Colin Mills, compiler of the Hortus Camdenensis, died in late November 2012 after a short illness. As he always considered the Hortus his legacy, it is his family's intention to keep the site running in perpetuity. It will not, however, be updated in the near future.

Prunus avium ‘Black Heart’

A cultivar of Prunus avium L. ‘Fruit pretty large, growing, for the most part, singly, heart-shaped, a little flattened at the apex, compressed on one side, with a slight suture. Stalk one inch and a half long, slender. Skin of a dark purple approaching to black when fully ripe. Flesh pale red, rather firm, but mellow, with a rich well flavoured Juice. Ripe the end of July or beginning of August.’ [George Lindley – Orchard Guide p.149/1831].

Horticultural & Botanical History

A fairly vigorous tree, spreading and drooping. A mid-season cherry of fair quality which rarely cracks. [Grubb, Don].

Figured in Pomona Brittanica PB pl.VII/1812. An old variety, I have no information on its origins.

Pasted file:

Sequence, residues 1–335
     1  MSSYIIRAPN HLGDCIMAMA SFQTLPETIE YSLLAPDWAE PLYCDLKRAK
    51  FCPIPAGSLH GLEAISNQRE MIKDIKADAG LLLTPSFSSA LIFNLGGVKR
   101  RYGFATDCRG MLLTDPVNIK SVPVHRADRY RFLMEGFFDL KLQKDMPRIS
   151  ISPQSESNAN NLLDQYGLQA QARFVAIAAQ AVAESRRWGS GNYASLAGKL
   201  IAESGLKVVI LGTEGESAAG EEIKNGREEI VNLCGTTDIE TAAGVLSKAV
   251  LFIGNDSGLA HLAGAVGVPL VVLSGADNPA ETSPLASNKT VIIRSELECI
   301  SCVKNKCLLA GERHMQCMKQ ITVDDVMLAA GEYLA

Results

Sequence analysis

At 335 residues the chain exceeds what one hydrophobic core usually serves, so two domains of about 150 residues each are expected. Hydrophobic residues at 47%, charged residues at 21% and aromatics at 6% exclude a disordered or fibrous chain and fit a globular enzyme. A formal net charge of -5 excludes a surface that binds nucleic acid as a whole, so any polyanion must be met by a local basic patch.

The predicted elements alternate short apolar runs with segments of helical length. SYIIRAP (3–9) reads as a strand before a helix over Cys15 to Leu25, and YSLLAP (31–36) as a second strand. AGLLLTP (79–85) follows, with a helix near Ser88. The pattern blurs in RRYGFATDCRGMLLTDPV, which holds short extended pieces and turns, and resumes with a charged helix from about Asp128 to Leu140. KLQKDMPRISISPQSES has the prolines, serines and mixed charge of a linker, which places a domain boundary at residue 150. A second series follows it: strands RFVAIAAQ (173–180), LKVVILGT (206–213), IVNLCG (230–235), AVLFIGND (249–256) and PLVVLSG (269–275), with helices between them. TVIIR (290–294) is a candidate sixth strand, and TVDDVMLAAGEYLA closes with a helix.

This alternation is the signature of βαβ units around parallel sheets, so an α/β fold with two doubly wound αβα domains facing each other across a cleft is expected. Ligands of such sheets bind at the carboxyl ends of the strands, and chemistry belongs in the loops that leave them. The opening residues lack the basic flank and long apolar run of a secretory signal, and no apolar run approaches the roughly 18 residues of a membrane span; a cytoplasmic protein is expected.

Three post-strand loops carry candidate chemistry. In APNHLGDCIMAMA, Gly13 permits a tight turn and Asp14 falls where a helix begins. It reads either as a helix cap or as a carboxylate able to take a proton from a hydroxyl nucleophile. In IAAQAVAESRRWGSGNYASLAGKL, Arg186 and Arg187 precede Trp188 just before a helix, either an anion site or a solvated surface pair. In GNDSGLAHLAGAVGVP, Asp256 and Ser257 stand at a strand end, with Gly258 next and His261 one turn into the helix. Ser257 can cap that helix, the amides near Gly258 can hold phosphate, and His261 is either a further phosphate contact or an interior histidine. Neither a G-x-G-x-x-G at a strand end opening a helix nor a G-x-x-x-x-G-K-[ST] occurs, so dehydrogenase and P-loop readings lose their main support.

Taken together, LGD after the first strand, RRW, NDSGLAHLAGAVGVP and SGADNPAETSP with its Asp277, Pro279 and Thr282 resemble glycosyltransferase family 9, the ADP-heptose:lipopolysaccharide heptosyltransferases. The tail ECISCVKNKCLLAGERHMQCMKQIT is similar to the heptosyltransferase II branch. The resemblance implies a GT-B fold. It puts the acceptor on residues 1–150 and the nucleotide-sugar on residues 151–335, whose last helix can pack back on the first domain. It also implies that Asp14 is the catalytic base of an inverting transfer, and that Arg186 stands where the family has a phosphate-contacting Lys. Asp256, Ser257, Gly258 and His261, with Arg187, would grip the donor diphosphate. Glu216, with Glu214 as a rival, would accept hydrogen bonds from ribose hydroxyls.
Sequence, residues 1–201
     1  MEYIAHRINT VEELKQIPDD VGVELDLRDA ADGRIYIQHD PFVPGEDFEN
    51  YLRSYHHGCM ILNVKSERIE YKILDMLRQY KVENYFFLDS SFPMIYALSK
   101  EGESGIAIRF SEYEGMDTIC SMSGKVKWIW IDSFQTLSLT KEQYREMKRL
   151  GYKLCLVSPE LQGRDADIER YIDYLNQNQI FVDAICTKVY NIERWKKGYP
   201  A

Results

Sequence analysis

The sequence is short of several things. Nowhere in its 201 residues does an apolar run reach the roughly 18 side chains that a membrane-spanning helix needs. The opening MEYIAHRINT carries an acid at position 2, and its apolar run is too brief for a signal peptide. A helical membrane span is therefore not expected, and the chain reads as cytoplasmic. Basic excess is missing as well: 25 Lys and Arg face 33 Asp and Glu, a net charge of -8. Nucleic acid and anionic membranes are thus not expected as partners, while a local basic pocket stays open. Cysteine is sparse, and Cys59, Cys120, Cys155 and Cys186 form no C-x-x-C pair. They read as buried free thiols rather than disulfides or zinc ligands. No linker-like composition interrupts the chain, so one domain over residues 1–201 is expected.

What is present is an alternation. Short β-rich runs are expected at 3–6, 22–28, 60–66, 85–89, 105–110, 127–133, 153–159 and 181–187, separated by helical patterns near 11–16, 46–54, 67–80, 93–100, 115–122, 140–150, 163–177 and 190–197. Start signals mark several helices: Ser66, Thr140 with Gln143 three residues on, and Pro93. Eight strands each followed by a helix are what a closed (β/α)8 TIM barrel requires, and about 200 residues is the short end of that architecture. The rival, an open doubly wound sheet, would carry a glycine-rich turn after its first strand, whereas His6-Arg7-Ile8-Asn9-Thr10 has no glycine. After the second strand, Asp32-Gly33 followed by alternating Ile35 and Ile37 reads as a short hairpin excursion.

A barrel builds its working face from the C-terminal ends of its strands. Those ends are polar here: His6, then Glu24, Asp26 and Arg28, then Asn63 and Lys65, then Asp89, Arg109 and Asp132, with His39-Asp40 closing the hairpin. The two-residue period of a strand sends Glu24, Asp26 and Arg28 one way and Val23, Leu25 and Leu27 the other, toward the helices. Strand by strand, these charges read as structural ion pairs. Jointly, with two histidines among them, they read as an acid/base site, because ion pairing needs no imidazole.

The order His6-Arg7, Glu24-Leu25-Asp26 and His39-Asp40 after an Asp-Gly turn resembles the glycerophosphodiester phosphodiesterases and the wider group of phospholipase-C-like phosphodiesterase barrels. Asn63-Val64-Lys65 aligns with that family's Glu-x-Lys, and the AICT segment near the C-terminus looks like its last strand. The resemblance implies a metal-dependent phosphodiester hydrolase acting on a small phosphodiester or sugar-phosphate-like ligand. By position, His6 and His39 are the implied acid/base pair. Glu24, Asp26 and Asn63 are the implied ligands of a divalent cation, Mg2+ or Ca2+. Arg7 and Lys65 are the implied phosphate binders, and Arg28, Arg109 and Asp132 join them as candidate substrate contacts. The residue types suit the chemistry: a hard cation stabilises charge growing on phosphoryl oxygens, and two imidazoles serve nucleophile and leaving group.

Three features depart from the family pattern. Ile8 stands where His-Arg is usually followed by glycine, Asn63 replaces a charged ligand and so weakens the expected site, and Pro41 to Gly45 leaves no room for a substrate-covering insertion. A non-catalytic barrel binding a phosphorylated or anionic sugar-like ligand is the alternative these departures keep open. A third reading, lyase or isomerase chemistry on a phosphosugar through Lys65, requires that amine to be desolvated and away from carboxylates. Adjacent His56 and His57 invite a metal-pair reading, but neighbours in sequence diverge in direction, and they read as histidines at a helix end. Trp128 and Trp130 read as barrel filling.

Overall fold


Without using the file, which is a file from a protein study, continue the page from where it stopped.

History at Camden Park

Listed in the 1850 and 1857 catalogues only [Cherry no.7/1850].


There are a number of Black Heart cherries, usually with a specific prefix, e.g. ‘Fraser’s Black Heart’.

Published Apr 22, 2010 - 05:17 PM | Last updated Jul 23, 2011 - 04:46 PM

2 cherries are shown, both heart-shaped, one amber coloured the other red to almost black. Pomona Brittanica pl.7, 1812.

Prunus avium ‘Black Heart’ | PB pl.VII/1812. The varieties 'White Heart' and 'Black Heart' are shown.


Family Rosaceae
Region of origin

Garden origin, unknown

  • Old black Heart
  • Ansell’s Fine Black
  • Early Blaxk
  • Lacure
  • Spanish Black Heart


Common Name

Dessert Cherry

Name in the Camden Park Record

Black Heart 

Confidence level high